Many IOCs – Chevron, Santos and Kris – are leaving as Bangladesh is no longer feasible cost- and reserve-wise. In the budget of FY21, energy and mineral resource sector allocation reduced by Tk581 crore to reach Tk1,836 crore. Primary energy requires larger budget to support gas exploration, supply and power generation for attracting private investment.
BPDB spends around Tk9,000 crore yearly to pay private plants, and the bill increases if the dollar value strengthens. Subsidy was around Tk522.60 billion in the last 10 years and a significant amount went to private plants.
Covid-19 has distressed the global economic system, including our economic order. Electricity demand sharply declined to 8,500 MW against 12,000 MW usual production, leaving many power plants redundant while PPA guaranteed the payment to idle plants.
The harsh reality is that the troubled economy is in dire need for fiscal revival. Utility bill deferment, lower bill collection and regular payment to power producers were made for public interest at heavy cost to the government. As the pandemic persists, the distressed economy demands austerity strategies in major sectors, including power.
The government declared stimulus packages worth Tk1.15 trillion for the private sector to tackle the pandemic-induced crisis. However, stimulus demand is on the rise though the government revenue dried with a Tk1 trillion shortfall in FY20. In this harsh reality, a Tk5.68 trillion budget was proposed with a Tk1.9 trillion deficit in FY21.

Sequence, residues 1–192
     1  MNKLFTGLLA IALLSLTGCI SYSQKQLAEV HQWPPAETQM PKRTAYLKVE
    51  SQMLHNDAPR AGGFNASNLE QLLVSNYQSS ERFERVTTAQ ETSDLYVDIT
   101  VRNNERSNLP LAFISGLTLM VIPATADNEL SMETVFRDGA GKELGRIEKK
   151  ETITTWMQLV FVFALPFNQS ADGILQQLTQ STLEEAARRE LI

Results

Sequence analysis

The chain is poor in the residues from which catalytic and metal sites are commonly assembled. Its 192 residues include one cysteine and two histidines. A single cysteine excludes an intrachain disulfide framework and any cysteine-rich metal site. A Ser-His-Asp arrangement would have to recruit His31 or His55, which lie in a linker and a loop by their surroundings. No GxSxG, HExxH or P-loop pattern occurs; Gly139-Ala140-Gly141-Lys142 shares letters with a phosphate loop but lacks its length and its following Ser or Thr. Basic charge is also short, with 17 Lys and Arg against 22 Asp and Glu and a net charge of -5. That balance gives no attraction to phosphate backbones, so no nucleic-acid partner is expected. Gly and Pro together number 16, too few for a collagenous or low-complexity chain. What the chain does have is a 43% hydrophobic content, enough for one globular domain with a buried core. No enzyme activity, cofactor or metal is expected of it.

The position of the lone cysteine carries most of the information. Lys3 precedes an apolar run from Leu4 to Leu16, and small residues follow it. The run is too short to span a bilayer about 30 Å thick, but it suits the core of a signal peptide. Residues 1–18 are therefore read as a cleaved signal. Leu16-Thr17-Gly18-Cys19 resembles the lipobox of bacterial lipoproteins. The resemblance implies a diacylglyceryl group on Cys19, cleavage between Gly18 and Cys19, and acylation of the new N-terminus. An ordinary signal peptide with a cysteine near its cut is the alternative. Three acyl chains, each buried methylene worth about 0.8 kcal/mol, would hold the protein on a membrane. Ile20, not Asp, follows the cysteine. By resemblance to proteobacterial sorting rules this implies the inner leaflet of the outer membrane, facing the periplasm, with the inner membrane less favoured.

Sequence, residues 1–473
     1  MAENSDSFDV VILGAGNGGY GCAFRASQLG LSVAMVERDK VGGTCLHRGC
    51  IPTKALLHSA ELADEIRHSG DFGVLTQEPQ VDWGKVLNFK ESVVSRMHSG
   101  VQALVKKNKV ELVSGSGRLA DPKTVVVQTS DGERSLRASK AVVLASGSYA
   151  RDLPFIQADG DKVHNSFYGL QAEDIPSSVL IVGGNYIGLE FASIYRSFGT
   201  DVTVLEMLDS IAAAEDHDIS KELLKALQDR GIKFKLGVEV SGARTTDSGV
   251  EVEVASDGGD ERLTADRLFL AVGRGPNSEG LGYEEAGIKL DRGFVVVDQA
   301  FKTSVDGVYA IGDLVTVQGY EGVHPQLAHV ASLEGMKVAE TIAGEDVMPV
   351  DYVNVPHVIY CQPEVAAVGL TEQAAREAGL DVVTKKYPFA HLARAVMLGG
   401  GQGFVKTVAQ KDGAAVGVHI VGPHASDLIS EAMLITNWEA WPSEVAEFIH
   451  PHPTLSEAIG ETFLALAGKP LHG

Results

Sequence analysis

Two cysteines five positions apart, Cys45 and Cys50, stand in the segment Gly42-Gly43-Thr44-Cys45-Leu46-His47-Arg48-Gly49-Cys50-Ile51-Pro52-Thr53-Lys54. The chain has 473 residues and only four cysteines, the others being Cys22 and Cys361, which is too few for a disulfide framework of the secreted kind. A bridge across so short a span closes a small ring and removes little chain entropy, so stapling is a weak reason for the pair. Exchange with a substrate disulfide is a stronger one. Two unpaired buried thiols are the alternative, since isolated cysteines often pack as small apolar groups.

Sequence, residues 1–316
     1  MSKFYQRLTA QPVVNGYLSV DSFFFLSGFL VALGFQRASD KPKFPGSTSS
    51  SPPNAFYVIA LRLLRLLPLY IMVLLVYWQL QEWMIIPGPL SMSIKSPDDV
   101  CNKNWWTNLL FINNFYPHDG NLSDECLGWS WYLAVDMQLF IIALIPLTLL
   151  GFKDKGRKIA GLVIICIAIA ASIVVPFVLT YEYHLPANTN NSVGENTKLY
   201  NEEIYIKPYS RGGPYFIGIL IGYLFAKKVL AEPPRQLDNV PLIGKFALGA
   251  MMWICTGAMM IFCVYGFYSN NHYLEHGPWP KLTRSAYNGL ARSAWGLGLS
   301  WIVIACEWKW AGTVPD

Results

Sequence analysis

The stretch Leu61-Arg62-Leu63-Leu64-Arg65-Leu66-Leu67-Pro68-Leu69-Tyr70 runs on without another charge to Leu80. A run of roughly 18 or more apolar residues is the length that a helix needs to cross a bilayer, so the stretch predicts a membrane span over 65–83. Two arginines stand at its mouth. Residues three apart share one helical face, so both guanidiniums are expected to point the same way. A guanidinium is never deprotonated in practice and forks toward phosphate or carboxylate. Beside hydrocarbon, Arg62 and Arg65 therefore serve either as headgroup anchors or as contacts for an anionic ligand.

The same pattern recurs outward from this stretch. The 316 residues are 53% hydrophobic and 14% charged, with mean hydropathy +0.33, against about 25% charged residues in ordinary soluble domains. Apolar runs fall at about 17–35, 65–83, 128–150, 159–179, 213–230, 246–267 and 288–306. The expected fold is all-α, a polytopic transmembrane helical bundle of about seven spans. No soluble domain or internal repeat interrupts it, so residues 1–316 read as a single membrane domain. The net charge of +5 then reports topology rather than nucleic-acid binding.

Vulnerable businesses demand waiver of VAT and SD on utility bills for another quarter and it may be considered for public welfare, though the cumulative burden will be on people as a new cost incidence. Slim revenue and fuel import will further weaken the fiscal strength of the government. Taking the entire economic gamut, the PPA feels unilateral and needs balanced revision for low-cost energy supply and fiscal easing.
Local economic behaviour and operation are changing, aligning with changing global economic context amidst the pandemic. Gas-based PPA should not be renewed considering the slim gas reserve.
In the current situation, 16 new power plants with 19,100 MW capacity must be rethought, when current electricity production is unutilised. A 'no production, no payment' strategy for PPA, and local currency payment, can be introduced to reduce foreign currency pressure and current account imbalance.
Of the country's daily grid gas supply of around 2,800 mmcfd, IOCs share 60 percent. Bibiyana owned by Chevron is the largest gas reservoir of 29 gas fields, though its reserve is declining. ONGC Videsh Ltd India and Daewoo were allocated two exploration blocs under two model PSCs.
The government planned the drilling of 108 wells by 2021 but only 29 have been drilled so far. Lack of funds, modern technology and expertise have jeopardised gas exploration. Our exploration and seismic survey processes need to be fast addressed. Otherwise, industry and power producers will end up suffering.